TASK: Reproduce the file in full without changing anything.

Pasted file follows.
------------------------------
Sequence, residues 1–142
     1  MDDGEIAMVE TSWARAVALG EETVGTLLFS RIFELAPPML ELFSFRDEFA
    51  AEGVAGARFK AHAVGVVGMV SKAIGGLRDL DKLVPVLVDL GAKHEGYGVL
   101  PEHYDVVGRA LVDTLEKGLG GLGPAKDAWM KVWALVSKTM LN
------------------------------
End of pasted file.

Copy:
Sequence, residues 1–142
     1  MDDGEIAMVE TSWARAVALG EETVGTLLFS RIFELAPPML ELFSFRDEFA
    51  AEGVAGARFK AHAVGVVGMV SKAIGGLRDL DKLVPVLVDL GAKHEGYGVL
   101  PEHYDVVGRA LVDTLEKGLG GLGPAKDAWM KVWALVSKTM LN